Creating a Program for Your OTTB or Ex-Racehorse

Creating a Program for Your OTTB or Ex-Racehorse

Creating a Program for Your OTTB or Ex-Racehorse

Creating an Initial Program for Your Ex-Racehorse

Do you have an OTTB or ex-racehorse that has just made the transition from the racetrack? Or maybe your thoroughbred has been with you for a while, but you’re just struggling to make progress and move forwards in your training together…

Ex-racehorses or thoroughbreds are wonderful horses. They are so versatile, intelligent and sensitive. They can literally turn their hooves to almost anything equestrian related.

However, often those same qualities that make them such great horses to work with can, sometimes, work against them. Riders find themselves becoming ‘stuck’ in the training.

I’m on a bit of a mission to help riders of OTTBs change all of this. Get out of the weeds and back on track. Begin enjoying their horse again…

The Adjustment Period

Many riders assume that this must mean standing in a field for months on end. There is this feeling that he must ‘learn to be a horse again’. While this can benefit some horses, I have found that not all horses ‘need’ a complete ‘time-out’.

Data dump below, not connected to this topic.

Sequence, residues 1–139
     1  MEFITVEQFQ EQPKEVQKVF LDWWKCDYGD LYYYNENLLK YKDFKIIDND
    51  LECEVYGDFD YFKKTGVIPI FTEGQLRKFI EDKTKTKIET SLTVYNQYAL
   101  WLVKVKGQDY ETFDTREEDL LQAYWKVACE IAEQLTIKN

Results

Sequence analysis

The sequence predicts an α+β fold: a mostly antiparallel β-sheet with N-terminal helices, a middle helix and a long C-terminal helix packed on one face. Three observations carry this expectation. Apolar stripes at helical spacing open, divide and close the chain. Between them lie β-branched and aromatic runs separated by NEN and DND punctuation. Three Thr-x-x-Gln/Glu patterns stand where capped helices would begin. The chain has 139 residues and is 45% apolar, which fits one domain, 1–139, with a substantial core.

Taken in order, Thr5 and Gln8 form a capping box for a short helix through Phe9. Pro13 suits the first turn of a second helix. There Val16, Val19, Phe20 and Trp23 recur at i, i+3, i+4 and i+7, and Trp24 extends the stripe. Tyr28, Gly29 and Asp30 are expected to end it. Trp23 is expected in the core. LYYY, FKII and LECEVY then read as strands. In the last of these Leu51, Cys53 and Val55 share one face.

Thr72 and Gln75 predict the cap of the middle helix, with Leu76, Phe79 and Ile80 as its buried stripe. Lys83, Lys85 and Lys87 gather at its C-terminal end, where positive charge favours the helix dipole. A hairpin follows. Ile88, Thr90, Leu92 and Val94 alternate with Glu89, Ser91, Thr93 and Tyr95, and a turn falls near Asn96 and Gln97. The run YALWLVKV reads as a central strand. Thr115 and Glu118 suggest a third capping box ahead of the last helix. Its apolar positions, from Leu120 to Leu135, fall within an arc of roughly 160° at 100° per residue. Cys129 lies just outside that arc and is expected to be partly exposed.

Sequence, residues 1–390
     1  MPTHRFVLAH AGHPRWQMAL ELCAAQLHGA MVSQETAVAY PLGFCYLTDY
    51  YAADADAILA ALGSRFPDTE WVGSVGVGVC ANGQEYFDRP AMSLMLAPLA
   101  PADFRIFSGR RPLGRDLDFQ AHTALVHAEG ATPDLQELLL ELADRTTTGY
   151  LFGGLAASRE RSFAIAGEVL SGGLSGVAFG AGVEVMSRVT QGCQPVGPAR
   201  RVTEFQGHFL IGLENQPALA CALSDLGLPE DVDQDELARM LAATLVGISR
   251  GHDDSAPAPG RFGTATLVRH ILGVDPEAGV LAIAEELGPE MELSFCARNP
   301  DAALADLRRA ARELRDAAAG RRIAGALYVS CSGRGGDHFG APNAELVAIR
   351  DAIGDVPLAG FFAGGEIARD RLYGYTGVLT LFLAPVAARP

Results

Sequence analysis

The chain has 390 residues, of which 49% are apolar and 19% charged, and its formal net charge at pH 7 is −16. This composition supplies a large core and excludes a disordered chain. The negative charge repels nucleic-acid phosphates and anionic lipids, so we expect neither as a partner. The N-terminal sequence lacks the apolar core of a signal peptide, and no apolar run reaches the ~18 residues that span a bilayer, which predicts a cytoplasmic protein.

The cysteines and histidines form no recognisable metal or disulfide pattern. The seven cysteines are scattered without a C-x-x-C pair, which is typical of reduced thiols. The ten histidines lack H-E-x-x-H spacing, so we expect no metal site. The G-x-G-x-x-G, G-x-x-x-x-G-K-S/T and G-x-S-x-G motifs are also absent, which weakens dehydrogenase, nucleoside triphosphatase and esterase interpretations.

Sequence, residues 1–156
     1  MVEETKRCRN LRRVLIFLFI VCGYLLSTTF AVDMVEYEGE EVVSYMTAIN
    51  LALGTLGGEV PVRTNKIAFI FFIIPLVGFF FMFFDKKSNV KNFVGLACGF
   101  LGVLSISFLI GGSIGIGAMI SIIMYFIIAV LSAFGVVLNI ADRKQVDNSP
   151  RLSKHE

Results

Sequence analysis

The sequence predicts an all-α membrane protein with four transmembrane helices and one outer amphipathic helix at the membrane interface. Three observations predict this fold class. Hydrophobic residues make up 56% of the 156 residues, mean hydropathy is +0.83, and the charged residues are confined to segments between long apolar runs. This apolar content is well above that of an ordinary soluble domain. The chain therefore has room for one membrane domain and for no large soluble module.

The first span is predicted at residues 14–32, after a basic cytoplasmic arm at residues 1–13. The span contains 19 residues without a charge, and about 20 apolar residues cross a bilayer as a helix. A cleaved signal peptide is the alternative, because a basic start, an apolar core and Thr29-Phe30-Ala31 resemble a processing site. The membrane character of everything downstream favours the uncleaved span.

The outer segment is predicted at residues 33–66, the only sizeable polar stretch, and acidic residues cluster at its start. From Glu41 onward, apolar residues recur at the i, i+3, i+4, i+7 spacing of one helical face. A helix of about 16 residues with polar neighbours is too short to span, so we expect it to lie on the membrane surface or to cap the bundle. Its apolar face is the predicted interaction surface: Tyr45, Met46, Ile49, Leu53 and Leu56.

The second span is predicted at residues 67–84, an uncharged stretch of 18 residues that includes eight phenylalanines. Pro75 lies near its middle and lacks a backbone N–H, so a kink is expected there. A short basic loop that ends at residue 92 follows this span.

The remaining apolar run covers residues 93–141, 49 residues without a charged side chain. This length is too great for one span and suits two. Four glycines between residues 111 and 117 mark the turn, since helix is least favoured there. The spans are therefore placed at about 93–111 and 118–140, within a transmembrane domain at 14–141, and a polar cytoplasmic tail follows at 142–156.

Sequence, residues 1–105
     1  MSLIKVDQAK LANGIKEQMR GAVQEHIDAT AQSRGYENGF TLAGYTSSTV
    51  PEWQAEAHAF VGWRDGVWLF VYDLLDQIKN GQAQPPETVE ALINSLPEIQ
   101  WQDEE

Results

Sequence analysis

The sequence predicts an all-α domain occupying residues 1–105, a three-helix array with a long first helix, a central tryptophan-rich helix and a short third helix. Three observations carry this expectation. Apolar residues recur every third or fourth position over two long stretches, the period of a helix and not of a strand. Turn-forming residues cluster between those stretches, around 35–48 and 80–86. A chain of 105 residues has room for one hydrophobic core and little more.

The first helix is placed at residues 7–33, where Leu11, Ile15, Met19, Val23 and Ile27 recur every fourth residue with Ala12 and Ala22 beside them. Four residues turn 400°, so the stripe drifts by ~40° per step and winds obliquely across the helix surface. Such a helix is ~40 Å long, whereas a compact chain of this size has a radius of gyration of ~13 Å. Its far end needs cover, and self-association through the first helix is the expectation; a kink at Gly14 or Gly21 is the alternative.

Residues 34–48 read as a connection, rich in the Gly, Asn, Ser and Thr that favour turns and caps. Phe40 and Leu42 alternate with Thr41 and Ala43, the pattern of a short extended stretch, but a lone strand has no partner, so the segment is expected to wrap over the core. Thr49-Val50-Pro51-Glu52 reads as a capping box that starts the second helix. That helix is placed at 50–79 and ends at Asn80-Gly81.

The adjustment I am talking about is due to your horse doing certain things a certain way for a long time up to this point. Now you are asking him to do things differently. It will take time for him to adjust.

Your expectations of your horse now are different to what others have had of him in the past. He needs to learn how to respond to these new expectations.

A New Language

Your job is to explain to your horse that; “Things are different. There will be a learning curve. I will explain to you how I want you to show up with me. I will do this by being consistent in how I show up with you…”

How your horse has been ridden up to this point is very different to how you will ride him. He must learn a new language.

Your aids are different. How you expect him to respond to each aid is different. Even how he must behave on the ground is different. His behaviour in ‘social situations’ is different.